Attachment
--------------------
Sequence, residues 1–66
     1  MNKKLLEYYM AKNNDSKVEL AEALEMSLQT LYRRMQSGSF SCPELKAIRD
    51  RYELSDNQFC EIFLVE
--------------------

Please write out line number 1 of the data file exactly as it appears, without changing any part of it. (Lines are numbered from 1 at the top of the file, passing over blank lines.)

Sequence, residues 1–66